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Good news on lung cancer: What to make of it

Recently, an analysis by the American Cancer Society found that the overall cancer death rate in the U.S. made its "biggest single-year drop ever," or 2.2%, between 2016 and 2017. On average, cancer rates have been dropping by about 1.5% per year over the last three decades. That means the cancer death rate dropped nearly twice as fast as usual during the study period.

Moreover, a spokesperson for the cancer society said that the drop seems to be driven largely by reductions in lung cancer mortality.

This is "very encouraging, because lung cancer is the leading cause of cancer death in the U.S., causing more deaths than breast, colorectal and prostate cancers combined," she notes.

Why is the lung cancer rate going down?

The researchers believe that the overall lung cancer rate is going down for two main reasons. One is that cigarette smoking -- the largest risk for ordinary lung cancer -- has been dropping for several decades. The second is that a number of new drugs and interventions are helping people survive longer.

It's great news that smoking is down, but many people who have never smoked still get lung cancer. For example, people who are exposed to asbestos sometimes get mesothelioma, a type of lung cancer that is specifically tied to asbestos.

Not all lung cancers are equal

According to NPR, when you consider all types of lung cancer at all stages of development, about 19% of people diagnosed with lung cancer are still alive five years after that diagnosis.

It's important to differentiate advanced lung cancer, however. When the cancer has spread to another part of the body, the five-year survival rate is only 5%. When it comes to mesothelioma, specifically, diagnosis is difficult and often comes at a late stage. The five-year survival rate for mesothelioma is between 13% and 16%.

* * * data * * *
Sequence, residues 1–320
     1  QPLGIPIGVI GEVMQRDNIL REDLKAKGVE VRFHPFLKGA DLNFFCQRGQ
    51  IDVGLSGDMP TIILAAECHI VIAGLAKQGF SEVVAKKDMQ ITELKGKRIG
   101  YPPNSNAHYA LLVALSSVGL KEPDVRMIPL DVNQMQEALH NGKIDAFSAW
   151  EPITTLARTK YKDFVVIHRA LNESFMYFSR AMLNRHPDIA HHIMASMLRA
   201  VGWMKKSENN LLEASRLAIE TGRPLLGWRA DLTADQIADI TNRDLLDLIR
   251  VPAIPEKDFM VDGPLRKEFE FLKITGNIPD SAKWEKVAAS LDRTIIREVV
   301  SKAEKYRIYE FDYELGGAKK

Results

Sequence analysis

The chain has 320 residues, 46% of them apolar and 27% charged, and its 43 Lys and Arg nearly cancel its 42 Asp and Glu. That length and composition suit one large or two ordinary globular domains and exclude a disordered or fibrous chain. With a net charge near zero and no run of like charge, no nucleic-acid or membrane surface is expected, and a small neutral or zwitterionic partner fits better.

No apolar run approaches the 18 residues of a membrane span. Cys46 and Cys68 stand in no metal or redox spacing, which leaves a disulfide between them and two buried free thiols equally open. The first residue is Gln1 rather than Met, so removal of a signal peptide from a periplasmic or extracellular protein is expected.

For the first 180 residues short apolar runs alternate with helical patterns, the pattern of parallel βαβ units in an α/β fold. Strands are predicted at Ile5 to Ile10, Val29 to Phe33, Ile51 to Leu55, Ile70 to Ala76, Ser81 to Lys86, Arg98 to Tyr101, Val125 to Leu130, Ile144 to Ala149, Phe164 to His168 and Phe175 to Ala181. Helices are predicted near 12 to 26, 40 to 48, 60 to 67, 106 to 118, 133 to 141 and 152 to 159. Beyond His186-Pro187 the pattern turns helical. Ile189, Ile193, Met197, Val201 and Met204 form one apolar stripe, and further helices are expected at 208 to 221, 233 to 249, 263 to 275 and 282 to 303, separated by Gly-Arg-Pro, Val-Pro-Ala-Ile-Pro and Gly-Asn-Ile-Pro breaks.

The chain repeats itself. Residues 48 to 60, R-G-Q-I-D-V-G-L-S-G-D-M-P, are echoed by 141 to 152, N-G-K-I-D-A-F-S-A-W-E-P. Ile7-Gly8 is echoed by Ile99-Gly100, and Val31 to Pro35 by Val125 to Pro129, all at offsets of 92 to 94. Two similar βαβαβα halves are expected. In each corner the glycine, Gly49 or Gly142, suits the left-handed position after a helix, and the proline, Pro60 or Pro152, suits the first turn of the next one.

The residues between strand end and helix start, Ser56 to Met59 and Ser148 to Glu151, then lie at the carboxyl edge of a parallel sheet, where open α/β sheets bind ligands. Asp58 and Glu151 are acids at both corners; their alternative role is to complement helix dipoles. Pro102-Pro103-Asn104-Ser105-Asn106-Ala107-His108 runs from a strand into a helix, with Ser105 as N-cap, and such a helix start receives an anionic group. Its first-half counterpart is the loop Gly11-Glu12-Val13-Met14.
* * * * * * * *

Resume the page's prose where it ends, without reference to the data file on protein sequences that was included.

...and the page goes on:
What can I do to reduce my risk of lung cancer?

The first step is to avoid exposing your lungs to cancer-causing substances like those found in cigarettes and products that contain asbestos. One of those, evidence suggests, is talcum powder, which is commonly used as baby powder and in cosmetics.

It is more difficult to avoid asbestos, as the substance was used ubiquitously before 1978 and still remains in use in some sectors today. Asbestos is present in many older homes and can become airborne if disturbed. It is also present in many types of insulated products, and people in a wide variety of industries may be exposed, such as:

  • Construction and all related trades
  • Firefighting
  • Automobile manufacturing and maintenance
  • Aeronautics
  • Shipyards
  • Pipefitting
  • Railroads
  • Chemical plants
  • Military workers

Once you've done your best to protect your lungs from exposure to carcinogens, you may wish to consider getting a lung cancer screening called low-dose computed tomography, or LDCT. The U.S. Preventative Services Task Force recommends this screening for people between 55 and 80 with a 30 pack-year history of smoking, whether they still smoke or quit within the last 15 years.

Under the Affordable Care Act, people who meet these guidelines can receive this screening at no charge. Nevertheless, only 4.4% of those eligible for the screening had it in 2015. Instead, many people had chest X-rays, which are actually not suited to detect lung cancer.

Finally, it's important to note that while the cancer rate has dropped, the actual number of people dying from cancer each year is actually rising due to an aging population. More than 600,000 people die in the U.S. from cancer each year.

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